South Korean health officials report that a man in his 50s who had just returned from a vacation to Thailand was dead from a parasite that consumes the brain.
The Korea Disease Control and Prevention Agency (KDCA) announced that it has recorded the first-ever case of Naegleria fowleri, commonly referred to as a “brain-eating amoeba,” after the single-celled organism caused the death of a South Korean traveler who had spent four months in Thailand and then returned home. Naegleria fowleri, a species of the genus Naegleria that causes primary amebic meningoencephalitis, is commonly characterized as a “brain-eating amoeba” (PAM).
PAM is an acute illness caused by the soil- and freshwater-dwelling amoeba that feeds on bacteria. It enters the human body via the nasal passages and then travels to the brain. According to local media, the hospital doctor’s testing revealed that the gene detected in the man’s system was 99.6% identical to those found in PAM patients from other nations.
This amoeba is commonly referred to as the “brain-eating amoeba” because it may infect the brain when amoeba-containing water enters the nose. According to the KDCA, the man was hospitalized in critical condition the day following his return to South Korea on December 11, but he was unable to be rescued and died on December 21. Even though the bacterium cannot be spread from person to person, South Korean officials have recommended the public avoid swimming in locations where the sickness has been recorded.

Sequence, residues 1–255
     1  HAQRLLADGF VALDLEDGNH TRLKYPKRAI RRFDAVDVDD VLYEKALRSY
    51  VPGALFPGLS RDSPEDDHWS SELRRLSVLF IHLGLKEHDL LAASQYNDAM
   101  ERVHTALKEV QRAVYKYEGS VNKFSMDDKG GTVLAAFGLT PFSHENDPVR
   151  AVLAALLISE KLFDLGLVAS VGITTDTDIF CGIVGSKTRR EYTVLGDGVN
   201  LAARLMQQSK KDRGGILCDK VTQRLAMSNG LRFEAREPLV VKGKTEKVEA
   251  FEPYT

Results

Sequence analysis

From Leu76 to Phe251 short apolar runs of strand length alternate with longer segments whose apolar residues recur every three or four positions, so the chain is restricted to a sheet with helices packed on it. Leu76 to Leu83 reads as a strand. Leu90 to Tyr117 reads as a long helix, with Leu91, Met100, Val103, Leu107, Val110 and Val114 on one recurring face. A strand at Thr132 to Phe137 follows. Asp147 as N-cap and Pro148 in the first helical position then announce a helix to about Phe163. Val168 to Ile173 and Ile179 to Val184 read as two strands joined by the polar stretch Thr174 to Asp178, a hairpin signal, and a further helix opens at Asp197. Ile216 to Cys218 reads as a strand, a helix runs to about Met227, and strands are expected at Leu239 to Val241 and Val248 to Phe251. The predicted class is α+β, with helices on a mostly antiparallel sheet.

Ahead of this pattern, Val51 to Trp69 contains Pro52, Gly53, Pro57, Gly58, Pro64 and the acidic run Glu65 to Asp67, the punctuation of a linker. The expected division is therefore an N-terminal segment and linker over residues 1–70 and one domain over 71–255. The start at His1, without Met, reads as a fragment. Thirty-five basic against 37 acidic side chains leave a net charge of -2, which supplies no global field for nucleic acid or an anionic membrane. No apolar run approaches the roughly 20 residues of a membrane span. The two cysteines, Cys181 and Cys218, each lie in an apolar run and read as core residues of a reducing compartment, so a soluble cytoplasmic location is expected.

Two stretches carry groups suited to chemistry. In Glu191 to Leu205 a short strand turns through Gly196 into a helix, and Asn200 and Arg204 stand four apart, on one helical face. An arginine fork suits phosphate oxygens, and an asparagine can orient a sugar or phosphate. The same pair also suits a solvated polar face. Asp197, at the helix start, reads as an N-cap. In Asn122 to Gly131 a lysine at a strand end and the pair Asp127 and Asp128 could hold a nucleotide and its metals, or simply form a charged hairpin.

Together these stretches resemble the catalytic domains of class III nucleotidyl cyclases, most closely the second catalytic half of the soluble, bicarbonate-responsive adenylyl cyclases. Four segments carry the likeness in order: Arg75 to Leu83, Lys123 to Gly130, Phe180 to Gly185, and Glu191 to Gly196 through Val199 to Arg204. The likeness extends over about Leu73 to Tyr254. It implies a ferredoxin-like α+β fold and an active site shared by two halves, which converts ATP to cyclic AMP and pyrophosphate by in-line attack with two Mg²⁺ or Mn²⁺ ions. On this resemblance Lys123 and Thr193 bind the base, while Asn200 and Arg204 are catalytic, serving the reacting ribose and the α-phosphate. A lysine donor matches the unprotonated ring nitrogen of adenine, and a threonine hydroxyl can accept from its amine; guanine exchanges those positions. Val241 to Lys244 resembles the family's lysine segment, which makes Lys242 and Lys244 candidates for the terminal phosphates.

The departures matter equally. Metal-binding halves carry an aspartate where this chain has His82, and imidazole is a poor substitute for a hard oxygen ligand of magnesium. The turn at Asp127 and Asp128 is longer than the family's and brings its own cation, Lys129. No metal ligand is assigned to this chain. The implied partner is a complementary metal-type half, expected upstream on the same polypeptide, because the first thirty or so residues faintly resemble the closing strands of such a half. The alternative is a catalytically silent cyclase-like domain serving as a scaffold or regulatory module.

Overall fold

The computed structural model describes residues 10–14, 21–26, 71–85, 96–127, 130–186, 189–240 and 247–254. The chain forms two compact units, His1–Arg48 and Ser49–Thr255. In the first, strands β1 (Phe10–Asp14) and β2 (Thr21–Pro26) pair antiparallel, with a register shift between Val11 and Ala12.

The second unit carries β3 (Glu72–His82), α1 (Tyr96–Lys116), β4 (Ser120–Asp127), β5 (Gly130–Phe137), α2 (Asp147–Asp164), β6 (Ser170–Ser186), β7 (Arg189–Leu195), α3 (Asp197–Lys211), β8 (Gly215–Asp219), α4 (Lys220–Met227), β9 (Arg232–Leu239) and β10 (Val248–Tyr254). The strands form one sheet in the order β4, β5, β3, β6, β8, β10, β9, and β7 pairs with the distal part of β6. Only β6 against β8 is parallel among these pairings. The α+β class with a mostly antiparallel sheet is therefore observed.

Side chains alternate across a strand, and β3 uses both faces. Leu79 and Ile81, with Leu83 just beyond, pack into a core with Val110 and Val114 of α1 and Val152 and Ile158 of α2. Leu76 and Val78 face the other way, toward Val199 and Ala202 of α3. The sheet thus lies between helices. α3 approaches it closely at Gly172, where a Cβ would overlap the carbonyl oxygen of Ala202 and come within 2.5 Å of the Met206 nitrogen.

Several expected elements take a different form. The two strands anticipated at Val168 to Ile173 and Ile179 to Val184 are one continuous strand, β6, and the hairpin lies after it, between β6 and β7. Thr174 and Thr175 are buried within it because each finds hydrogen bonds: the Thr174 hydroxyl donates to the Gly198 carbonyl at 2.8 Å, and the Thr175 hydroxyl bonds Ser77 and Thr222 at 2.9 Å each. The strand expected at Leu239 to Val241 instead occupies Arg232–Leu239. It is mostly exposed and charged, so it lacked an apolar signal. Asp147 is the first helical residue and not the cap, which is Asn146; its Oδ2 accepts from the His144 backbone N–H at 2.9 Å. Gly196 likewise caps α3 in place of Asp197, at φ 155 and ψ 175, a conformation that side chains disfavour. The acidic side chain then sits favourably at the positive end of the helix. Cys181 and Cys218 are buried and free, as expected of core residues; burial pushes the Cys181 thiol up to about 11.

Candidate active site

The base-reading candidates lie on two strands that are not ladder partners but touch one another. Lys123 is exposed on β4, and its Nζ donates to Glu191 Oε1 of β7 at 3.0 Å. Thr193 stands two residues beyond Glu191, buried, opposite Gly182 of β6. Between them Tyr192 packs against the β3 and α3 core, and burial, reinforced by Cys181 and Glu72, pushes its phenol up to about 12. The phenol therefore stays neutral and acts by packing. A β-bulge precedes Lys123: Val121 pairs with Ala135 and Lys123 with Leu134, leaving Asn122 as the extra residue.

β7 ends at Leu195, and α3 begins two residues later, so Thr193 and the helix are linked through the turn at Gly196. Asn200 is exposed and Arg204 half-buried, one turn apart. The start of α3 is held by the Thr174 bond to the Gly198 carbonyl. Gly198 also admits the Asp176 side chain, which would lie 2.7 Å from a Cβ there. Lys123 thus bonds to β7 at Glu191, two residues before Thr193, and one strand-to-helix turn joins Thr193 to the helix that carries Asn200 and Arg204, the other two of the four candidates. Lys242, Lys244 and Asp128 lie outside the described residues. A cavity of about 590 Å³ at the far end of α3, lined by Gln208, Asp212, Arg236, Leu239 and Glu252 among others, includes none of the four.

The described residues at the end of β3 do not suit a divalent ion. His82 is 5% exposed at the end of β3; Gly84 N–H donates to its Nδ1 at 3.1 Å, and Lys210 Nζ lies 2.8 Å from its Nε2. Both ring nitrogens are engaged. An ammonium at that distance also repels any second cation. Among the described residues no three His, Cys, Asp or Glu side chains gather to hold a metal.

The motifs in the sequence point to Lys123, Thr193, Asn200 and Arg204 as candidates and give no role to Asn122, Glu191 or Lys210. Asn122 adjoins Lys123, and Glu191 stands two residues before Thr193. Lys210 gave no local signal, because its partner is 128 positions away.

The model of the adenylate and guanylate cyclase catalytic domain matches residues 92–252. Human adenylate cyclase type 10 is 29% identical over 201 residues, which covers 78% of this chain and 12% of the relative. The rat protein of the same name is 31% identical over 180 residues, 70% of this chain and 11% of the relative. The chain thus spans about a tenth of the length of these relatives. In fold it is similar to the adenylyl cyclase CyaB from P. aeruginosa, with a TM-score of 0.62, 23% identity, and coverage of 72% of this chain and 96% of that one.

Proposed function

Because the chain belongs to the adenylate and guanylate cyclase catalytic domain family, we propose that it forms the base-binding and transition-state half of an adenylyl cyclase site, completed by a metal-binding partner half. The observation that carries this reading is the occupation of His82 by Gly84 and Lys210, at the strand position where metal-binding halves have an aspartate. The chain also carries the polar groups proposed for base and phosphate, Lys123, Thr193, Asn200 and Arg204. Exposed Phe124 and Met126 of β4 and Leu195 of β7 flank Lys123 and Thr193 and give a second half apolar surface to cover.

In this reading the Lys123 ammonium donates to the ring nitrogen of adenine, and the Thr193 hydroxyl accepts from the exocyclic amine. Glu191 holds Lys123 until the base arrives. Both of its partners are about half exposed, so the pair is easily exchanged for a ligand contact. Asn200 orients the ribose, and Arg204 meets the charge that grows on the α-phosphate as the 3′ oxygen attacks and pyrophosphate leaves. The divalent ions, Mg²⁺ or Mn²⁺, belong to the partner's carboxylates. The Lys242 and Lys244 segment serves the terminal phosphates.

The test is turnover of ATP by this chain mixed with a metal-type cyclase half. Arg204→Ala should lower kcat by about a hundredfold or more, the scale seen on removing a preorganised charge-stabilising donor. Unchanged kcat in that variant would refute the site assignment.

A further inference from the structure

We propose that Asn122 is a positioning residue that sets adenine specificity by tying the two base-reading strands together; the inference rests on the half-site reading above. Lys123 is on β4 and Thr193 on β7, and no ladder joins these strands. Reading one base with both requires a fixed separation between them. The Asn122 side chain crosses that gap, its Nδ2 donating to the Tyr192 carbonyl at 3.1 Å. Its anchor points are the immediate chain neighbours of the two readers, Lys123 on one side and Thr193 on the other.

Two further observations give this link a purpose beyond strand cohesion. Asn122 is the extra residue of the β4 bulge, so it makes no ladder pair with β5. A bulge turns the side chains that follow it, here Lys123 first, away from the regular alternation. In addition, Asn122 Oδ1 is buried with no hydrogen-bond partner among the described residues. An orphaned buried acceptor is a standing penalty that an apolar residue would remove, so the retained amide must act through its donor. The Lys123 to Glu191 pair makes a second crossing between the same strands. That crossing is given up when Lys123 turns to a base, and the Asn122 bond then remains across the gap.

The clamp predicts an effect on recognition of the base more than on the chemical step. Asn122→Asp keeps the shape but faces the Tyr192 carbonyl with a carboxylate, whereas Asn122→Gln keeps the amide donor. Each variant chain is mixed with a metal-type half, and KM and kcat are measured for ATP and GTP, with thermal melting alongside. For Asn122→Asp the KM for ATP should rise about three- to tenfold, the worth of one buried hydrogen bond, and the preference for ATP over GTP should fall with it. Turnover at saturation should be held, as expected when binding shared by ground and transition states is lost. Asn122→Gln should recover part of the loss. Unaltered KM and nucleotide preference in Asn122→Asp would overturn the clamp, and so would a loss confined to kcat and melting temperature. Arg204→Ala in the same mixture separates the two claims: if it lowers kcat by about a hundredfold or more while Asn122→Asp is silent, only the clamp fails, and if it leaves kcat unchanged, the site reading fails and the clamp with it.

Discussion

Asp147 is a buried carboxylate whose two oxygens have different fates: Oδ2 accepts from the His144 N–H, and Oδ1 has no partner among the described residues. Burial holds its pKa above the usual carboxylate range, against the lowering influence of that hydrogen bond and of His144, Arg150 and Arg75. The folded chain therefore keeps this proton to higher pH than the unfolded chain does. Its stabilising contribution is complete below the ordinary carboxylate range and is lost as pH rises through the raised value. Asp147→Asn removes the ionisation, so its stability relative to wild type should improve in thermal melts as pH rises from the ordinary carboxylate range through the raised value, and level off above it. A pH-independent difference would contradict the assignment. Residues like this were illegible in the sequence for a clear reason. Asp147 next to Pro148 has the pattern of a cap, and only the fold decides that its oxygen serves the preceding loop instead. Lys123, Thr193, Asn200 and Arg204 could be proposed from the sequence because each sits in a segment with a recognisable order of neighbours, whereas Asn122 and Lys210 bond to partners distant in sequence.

The symptoms of the infection include headache, fever, nausea or vomiting, stiff neck, convulsions, and altered mental state; as the illness develops, coma and death are often the results. The condition has an extraordinarily high mortality rate, and there is no known treatment. As it is an uncommon ailment, it is also difficult to diagnose. The World Health Organization (WHO) believes there are between one thousand and two thousand cases of Naegleria fowleri worldwide each year.